It includes all the essentials a developer would need, but not many extras. Those who have embraced Manjaro will consider this a positive, as Manjaro stays very lean and free of bloat, but includes enough to not slow you down with installing everything manually.
Manjaro’s rolling release updates, bleeding edge software, and integration with the AUR make it a very attractive choice for developers.
Head over to Manjaro’s download page to get the latest ISO installer images.
System76, a computer hardware manufacturer, created Pop!_OS for implementation on their own products. Previously, they would ship their computers with Ubuntu installed. This was before they decided to make their own derivative of the operating system.
Pop!_OS functions much like Ubuntu, but the main difference is the overhauled desktop environment. Pop!_OS runs a modified GNOME desktop environment, which has been streamlined to help users manage their workflow. A full list of unique conveniences would be too long to list, but include workspaces, keyboard shortcuts, and window stacking. After working with it for a few minutes, you’ll find windows and applications very easy to manage and run simultaneously.
This is music to the ears of developers who work with tons of open windows at the same time. Pop also handles multi monitor setups intelligently, and lets you manage windowed applications optimally. Pop!_OS is a great choice for developers that work on their PC for hours a day. The fluid graphic environment and packaged toolkits are decidedly simple.
Grab the latest ISO installer images of Pop!_OS from the distro’s download page.
openSUSE is powered by SUSE, the German company behind one of the most revered enterprise distros. It features two different releases, named Tumbleweed and Leap. The former is a rolling release that features brand new Linux software, and the latter is the more stable, normal version of the operating system.
This gives developers the freedom to choose between the latest software or a more stable system. One of openSUSE’s biggest selling points is the YaST configuration tool. YaST gives users the ability to install software, configure hardware, and even deploy networks or servers. This is great for developers, who need a controlled environment to test drive their own code.
The operating system has a longstanding reputation for being very secure and stable. It’s backed by a big community and years of documentation, so developers won’t need to waste much time fiddling with their system.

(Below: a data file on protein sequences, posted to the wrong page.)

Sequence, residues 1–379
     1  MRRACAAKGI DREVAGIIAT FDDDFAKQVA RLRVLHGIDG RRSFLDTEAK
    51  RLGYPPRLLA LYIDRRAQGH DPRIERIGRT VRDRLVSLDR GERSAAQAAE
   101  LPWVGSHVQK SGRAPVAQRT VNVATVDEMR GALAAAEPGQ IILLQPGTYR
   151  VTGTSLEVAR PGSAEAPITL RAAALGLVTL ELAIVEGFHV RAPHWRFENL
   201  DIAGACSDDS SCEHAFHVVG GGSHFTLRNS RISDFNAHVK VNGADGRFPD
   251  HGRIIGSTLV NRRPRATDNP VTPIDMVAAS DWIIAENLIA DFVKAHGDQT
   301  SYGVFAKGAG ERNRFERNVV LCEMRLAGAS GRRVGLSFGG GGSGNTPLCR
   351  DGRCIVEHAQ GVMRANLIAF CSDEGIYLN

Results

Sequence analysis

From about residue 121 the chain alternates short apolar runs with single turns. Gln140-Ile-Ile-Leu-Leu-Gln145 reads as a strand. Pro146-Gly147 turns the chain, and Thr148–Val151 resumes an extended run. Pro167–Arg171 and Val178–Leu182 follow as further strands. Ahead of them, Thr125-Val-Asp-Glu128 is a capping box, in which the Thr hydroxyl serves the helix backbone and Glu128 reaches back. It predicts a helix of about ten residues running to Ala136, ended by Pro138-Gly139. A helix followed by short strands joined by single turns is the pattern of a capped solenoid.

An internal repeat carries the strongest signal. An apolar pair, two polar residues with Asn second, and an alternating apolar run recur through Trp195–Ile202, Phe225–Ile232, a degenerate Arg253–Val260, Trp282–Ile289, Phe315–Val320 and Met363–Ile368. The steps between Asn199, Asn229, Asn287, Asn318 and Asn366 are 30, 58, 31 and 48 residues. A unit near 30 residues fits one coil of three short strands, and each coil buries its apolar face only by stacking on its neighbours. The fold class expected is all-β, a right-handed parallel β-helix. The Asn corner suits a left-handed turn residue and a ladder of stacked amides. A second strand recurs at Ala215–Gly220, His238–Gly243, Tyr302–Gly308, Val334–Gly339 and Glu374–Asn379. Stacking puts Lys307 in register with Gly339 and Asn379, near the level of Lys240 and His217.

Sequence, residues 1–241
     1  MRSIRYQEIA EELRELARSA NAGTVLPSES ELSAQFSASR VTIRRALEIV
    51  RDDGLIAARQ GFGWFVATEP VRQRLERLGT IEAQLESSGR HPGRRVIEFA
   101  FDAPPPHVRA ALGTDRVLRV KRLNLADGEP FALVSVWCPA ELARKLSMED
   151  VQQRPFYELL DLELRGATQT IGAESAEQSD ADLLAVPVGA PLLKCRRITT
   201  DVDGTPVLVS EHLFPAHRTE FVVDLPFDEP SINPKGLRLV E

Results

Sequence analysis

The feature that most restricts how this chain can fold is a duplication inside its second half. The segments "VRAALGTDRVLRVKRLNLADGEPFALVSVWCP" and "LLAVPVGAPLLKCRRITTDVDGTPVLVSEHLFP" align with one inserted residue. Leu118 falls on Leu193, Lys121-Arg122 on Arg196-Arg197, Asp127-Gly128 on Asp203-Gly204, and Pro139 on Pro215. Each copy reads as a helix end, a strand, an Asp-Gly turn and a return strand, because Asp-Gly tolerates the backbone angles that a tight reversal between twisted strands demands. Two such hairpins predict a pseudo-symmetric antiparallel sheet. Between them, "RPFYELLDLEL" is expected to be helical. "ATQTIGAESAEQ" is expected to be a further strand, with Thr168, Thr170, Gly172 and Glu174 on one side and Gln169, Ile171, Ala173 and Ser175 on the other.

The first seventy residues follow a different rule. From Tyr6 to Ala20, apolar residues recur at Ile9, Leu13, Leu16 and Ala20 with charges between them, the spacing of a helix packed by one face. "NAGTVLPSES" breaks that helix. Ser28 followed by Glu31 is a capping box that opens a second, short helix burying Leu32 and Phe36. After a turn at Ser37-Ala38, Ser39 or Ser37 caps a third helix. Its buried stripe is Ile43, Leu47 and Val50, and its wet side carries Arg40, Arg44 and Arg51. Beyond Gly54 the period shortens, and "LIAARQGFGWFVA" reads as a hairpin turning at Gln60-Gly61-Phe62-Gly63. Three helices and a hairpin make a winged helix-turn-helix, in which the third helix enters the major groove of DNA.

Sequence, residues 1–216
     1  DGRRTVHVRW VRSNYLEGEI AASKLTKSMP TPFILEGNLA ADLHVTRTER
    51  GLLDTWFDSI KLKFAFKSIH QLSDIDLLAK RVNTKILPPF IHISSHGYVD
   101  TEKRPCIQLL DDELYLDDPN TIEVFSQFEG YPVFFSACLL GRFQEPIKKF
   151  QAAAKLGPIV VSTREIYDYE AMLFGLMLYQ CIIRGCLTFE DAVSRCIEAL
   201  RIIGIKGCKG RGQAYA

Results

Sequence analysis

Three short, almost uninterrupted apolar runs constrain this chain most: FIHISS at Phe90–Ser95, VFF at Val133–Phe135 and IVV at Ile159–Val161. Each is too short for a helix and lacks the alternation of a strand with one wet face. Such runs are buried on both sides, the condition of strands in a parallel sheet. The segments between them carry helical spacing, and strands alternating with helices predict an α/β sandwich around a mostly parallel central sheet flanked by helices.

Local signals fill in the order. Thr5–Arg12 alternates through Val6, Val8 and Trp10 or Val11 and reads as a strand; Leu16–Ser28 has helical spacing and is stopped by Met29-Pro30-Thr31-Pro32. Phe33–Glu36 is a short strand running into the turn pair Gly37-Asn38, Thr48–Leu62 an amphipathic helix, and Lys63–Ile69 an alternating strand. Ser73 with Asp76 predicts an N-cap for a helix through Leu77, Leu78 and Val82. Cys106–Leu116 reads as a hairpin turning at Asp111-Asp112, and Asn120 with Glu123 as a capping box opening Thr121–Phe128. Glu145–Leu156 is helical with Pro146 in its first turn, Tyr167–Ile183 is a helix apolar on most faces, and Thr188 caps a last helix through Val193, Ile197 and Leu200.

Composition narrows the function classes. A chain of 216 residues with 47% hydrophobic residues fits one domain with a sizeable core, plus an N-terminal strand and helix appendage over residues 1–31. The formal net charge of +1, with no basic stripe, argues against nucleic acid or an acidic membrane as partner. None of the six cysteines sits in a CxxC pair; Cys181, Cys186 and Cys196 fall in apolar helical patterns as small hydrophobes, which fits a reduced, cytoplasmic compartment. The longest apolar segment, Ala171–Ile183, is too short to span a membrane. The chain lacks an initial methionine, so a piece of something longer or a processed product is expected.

Both Leap and Tumbleweed editions of OpenSUSE are available for download on openSUSE’s official website.
Fedora has a lot of features that make it perfect for developers. It’s maintained by Red Hat, who introduces the newest Linux packages into the distro as a way to test their stability before incorporating them into Red Hat Enterprise Linux.
Fedora has a Workstation and Server edition available, and a variety of “spins” with different desktop environments preloaded. This makes Fedora quite customizable out of the box. Fedora pushes new versions of the system every six months, so this distro is always moving. It gives developers sooner access to new software than many other distros would.
Since Fedora is the upstream source for RHEL, it also has a supreme influence over CentOS and Oracle Linux. Software that works on Fedora should almost certainly run well on these other server and enterprise class distributions – another plus for developers.
Head over to Fedora’s website to access the ISO installer images.
I wanted to throw in at least one distro that may make our readers raise an eyebrow. Something to pique your interest. And Parrot OS should fit the bill perfectly. It’s a Debian based distro that’s made a name for itself as a penetration testing system. In that respect, it’s quite similar to Kali Linux.
At the same time, it’s not. Parrot OS comes with a lot of penetration testing and hacking tools installed by default, but only in its Security edition. There is also a Home edition, which is intended as a daily driver and doesn’t already have the hacking utilities. However, it comes with a slew of components and features that help protect your privacy.
It has native access to Debian’s repos, which means you can install just about anything you’d like. Parrot’s flagship download with the MATE desktop environment is very easy on the eyes, making it a joy to use. The Parrot developers say their distro is made especially for security experts, digital forensic experts, computer science and engineering students, researchers, wannabe hackers, software developers, journalists, and law enforcement.
Take this hidden gem of a distro for a spin by downloading an ISO installer from the official site’s download page.
There are a lot of Linux distributions out there, and quite honestly, almost any of them would work well for a developer. In this list, we’ve tried to compile only the best of the best – the tried and true distributions that are guaranteed to accommodate a developer’s needs.
All the distros on this list have a solid track record. Choosing one from this list will mostly depend on your personal preference, as all of them will benefit a developer.